Subject: General Tech | July 21, 2011 - 01:02 PM | Tim Verry
Tagged: PSU, modular, corsair
Corsiar has recently introduced a new line of modular power supplies based on the popular TX V2 Enthusiast Series. The new modular PSUs have an attached ATX 12V cable and a full compliment of flat, detachable cables. Being 80+ Bronze certified, the new PSUs are able to deliver at least 85% efficiency at 50% load. Available from authorized retailers in July, the models range in wattage from 550 watts to 850 watts.
The Corsair TX550M is based on the TX550 V2 and is able to support the following connectors in addition to the non-modular ATX 12V cable.
|Wattage||550W @ 50°C|
On the voltage front, the PSU is capable of delivering 45A on the +12V rail and 25A on the +5V rail.
Read more about the new power supplies.
Subject: General Tech, Shows and Expos | July 21, 2011 - 11:35 AM | Jeremy Hellstrom
Tagged: Texas GamExperience, amd
You still have a while to wait before the start of Quakecon in Dallas, and then even longer to wait until the PC Perspective Hardware Workshop starts of and you can act like the maddest fool around in order to win prizes. That doesn't mean that Houston is quiet, indeed [H]ard|OCP and AMD just hosted the Texas GamExperience there this past weekend. They posted pictures of the event, including an awe inspiring EyeFinity Experience. Click through to see the rest of the pictures.
"AMD and HardOCP got together this past weekend in Dallas to put together an event that was focused on giving back to the enthusiast computer hardware community that has given so much to us."
Here is some more Tech News from around the web:
- New tablet from Lenovo for both fun and business @ SemiAccurate
- Hands on pictures of ASRock's new Gen3 motherboards @ VR-Zone
- Apple OS X Lion Review @ TechReviewSource
- Intel reports (mostly) solid revenue growth @ The Register
- A pound of flesh: how Cisco's "unmitigated gall" derailed one man's life @ Ars Technica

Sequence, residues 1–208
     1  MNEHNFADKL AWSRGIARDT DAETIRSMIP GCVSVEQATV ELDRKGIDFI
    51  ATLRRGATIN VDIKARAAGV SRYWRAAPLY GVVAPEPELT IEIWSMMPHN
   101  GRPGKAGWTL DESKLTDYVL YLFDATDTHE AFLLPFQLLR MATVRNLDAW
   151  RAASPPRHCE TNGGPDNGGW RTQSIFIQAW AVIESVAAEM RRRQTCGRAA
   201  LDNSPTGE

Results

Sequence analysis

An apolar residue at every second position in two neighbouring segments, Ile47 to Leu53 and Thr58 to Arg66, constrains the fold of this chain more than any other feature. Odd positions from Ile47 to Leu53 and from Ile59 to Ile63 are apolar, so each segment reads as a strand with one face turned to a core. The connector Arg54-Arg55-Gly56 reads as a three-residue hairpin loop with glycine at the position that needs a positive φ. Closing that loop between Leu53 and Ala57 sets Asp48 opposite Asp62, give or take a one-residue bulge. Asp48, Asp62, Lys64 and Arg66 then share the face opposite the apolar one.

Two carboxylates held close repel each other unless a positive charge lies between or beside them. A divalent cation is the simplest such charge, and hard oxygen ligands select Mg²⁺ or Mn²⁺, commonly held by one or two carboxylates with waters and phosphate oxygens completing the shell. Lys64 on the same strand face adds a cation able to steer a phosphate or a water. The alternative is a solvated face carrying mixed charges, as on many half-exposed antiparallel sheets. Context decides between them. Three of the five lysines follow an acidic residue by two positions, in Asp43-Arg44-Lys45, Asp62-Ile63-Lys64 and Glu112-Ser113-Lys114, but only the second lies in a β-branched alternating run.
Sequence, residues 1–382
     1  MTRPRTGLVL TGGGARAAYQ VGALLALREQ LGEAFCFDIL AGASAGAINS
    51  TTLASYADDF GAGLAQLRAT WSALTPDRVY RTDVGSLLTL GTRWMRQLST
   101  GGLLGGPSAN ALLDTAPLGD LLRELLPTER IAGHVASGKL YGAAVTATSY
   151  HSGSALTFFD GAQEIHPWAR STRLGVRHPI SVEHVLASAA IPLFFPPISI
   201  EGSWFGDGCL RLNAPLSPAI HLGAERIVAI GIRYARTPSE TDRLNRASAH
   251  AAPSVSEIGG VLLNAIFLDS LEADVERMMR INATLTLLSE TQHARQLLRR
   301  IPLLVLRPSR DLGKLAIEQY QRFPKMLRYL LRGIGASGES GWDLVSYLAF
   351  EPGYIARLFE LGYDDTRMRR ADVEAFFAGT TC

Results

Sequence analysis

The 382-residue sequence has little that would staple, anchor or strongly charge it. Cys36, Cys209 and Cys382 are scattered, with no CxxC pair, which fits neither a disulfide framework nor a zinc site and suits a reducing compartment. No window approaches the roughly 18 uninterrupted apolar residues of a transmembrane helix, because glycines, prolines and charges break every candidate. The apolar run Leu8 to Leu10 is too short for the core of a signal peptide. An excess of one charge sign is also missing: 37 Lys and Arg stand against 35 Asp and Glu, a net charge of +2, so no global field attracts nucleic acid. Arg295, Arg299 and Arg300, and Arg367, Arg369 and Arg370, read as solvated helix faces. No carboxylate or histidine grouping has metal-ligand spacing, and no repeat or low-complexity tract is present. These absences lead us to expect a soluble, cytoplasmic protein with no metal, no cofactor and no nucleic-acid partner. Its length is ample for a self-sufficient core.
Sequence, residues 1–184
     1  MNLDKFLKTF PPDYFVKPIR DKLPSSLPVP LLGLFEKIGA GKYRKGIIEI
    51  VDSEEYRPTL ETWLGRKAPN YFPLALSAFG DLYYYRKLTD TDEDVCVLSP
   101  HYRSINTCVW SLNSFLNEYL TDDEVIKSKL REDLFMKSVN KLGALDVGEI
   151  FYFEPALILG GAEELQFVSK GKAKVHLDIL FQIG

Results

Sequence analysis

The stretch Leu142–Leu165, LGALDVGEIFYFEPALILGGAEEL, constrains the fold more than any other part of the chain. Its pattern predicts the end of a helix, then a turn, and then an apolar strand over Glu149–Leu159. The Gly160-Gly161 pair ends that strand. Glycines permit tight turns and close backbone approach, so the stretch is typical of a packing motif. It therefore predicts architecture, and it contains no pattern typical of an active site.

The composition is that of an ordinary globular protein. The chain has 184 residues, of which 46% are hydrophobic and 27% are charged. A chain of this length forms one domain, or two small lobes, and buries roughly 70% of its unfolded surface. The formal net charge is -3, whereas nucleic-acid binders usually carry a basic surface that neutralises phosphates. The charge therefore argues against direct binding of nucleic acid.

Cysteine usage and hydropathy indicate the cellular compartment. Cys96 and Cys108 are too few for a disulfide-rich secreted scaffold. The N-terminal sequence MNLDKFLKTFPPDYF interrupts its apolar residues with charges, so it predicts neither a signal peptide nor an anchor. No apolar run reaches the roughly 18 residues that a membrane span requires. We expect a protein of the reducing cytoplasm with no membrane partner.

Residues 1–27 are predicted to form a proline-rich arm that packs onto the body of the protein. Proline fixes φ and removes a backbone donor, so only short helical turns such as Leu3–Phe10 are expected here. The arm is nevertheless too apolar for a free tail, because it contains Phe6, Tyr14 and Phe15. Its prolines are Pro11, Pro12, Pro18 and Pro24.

Subject: Editorial, General Tech | July 20, 2011 - 02:00 PM | Scott Michaud
Tagged: bumpday, 3d
This week LG unveiled their glasses-free 3D LCD display with only a minimal amount of LG employees trying to pet a poorly Photoshopped Formula One race car. 3D is quite heavily promoted lately with the hype machine apparently being fueled by anthropomorphic blue cats and Box Office records. 3D on the PC has been around for much longer, however. NVIDIA and ELSA had support for 3D glasses over a decade ago for 3D effects in games of the time. There really has not really been much said about 3D between then and the rush of publicity now so I guess it is time to bump it up in our memory.
This week’s intermission… in the third dimension
In August 2002 the epitome of threads on ATI’s lack of 3D stereoscopic support was born with a simple message: give your greens to the green. Of course whenever you mention one brand over another there immediately becomes a three-way comparison between the market leaders: ATI, nVidia, and Matrox (wha-what!?! Actually another article will be posted soon; an old Matrox technology has a spiritual successor… because the body’s long since dead.) Even back then, however, we had people who bashed 3D technology long before it was cool to dislike 3D technology. Some people like it a lot though, enough to drop down 1600$ on a pair of 3D VR glasses, but no money on an ATI card.
Subject: General Tech | July 20, 2011 - 01:52 PM | Steve Grever
Tagged: osx, macbook, mac, lion, imac, apple
Mission Control (Courtesy of Apple)
Apple released their latest operating system dubbed OS X Lion today that includes more than 250 new features the company states will make dramatic improvements to how users interact with Apple's entire line of computer systems. The $29.99 upgrade includes several new features like multi-touch gestures, full-screen apps, a new Mission Control section, and a new location for Mac apps called LaunchPad.
LaunchPad (Courtesy of Apple)
Apple expanded OS X's ability to view installed applications through a new program called Launchpad. Launchpad allows users to see all of their apps on one screen gives you instant access to all the apps on your Mac. Previously, loaded apps were viewed in a smaller window and now Launchpad will use all the screen real estate more efficiently to show users all their apps at one time.
Apple Mail (Courtesy of Apple)
OS X Lion also showcases a redesigned Mail program that uses a widescreen view to show message lists in modular sections that are more intuitive to read and use. Another section called Conversations gives users a basic timeline to show threads of messages from specific people. The revamped program also includes search suggestions and search tokens to make finding archived or buried e-mails alot simpler than clicking around for them.
Apple Server (Courtesy of Apple)